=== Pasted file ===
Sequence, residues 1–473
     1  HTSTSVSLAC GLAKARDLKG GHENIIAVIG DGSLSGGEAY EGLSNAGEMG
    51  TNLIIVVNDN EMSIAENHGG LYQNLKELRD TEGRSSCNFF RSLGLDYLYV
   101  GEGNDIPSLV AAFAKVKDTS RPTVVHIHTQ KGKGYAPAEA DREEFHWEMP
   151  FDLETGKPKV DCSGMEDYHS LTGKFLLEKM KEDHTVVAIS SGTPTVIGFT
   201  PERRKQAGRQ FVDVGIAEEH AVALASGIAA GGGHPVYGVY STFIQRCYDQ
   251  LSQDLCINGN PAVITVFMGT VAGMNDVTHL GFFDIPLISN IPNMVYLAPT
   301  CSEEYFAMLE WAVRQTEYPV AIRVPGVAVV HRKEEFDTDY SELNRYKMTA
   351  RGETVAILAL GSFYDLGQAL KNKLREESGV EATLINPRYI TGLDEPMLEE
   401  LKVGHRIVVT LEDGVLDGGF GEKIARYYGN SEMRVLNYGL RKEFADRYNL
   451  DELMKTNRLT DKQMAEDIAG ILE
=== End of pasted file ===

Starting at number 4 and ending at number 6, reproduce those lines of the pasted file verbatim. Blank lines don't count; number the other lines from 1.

   101  GEGNDIPSLV AAFAKVKDTS RPTVVHIHTQ KGKGYAPAEA DREEFHWEMP
   151  FDLETGKPKV DCSGMEDYHS LTGKFLLEKM KEDHTVVAIS SGTPTVIGFT
   201  PERRKQAGRQ FVDVGIAEEH AVALASGIAA GGGHPVYGVY STFIQRCYDQ